HTML and CSS Reference
In addition to the absolute-size keywords, CSS allows for larger and smaller values, which do
pretty much what you'd expect: they cause the type size of the selected element to be scaled
up or down based on the same scaling factor the user agent uses in the absolute-size keywords.
These keyword sizes are relative to the computed font-size value of their parent element.
} /* evaluates to the same size as the large keyword /*
One interesting note about relative-size keywords is that they don't have the same limits
as absolute-size keywords. The following is possible:
} /* evaluates to the size of xx-large times the scaling factor /*
In this case, the size of the strong element's text is still scaled by the user agent's scaling
factor, resulting in larger text than the inherited xx-large .
Using Pixels to Size Text
The font sizing we've done so far has been relative to the user agent's default font size. However,
it is possible to specify the font-size property explicitly in pixels, overriding any inherited size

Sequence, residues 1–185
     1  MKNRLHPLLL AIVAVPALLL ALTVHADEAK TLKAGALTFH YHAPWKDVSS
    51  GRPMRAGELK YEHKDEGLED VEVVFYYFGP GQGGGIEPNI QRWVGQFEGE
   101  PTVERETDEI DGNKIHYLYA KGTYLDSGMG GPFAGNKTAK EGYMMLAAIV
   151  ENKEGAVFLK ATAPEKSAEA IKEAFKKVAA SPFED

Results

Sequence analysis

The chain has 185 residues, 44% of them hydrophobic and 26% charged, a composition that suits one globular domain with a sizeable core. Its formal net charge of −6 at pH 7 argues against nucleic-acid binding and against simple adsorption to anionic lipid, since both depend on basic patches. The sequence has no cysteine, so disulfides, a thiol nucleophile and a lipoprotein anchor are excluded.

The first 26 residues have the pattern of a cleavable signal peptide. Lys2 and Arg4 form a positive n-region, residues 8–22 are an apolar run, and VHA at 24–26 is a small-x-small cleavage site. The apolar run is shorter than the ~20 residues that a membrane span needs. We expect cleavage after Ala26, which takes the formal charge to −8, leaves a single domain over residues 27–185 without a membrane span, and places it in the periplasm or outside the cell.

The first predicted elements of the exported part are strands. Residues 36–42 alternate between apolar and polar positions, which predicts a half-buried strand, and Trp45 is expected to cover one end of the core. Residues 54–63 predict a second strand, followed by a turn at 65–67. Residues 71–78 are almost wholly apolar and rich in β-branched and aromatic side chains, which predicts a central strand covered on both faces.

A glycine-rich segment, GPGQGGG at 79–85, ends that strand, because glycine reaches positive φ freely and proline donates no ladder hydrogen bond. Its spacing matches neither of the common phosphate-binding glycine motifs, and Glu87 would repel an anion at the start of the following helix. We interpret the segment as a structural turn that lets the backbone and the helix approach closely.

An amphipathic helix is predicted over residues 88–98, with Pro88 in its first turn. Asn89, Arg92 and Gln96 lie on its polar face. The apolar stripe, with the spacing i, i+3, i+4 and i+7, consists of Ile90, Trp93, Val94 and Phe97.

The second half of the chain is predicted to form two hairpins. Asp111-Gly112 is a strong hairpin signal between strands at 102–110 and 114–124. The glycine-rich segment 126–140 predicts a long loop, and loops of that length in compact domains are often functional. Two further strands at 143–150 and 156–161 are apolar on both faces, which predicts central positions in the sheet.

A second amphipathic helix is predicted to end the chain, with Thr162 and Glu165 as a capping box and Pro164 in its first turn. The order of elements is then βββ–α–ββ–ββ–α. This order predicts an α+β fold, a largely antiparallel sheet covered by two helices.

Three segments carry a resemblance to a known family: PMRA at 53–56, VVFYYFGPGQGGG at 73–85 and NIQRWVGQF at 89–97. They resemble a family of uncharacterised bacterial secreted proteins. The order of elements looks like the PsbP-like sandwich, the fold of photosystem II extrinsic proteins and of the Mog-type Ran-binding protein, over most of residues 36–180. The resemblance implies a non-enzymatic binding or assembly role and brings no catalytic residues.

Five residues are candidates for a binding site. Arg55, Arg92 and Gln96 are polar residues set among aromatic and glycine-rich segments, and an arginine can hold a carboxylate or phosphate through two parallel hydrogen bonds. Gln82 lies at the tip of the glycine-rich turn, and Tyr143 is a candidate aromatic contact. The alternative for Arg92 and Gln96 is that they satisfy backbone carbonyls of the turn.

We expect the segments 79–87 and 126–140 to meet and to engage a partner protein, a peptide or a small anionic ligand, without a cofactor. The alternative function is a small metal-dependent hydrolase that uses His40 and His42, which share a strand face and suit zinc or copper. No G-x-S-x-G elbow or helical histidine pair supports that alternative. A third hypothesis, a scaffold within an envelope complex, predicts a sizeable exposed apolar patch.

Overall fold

(either from the user agent's defaults or from parent element[s]). For example:
In this case, the size of the em square for the paragraph element would be 12 pixels by 12 pixels
regardless of what size may have been inherited.
Although this is extremely useful, it is often not considered a best practice among web
developers for two reasons. First, Internet Explorer 6 and lower do not allow the user to resize
fonts whose sizes are specified in pixels. This poses accessibility problems for those visitors
who simply must increase the size of type in order to accommodate for low vision. Addition-
ally, most web designers feel it's important to acknowledge a user's default browser setting
(which the user may have adjusted). By setting type in keywords, ems, or percentages, you
allow users to decide that all type should be scaled based on whatever default they have
chosen, instead of one you have chosen as the designer.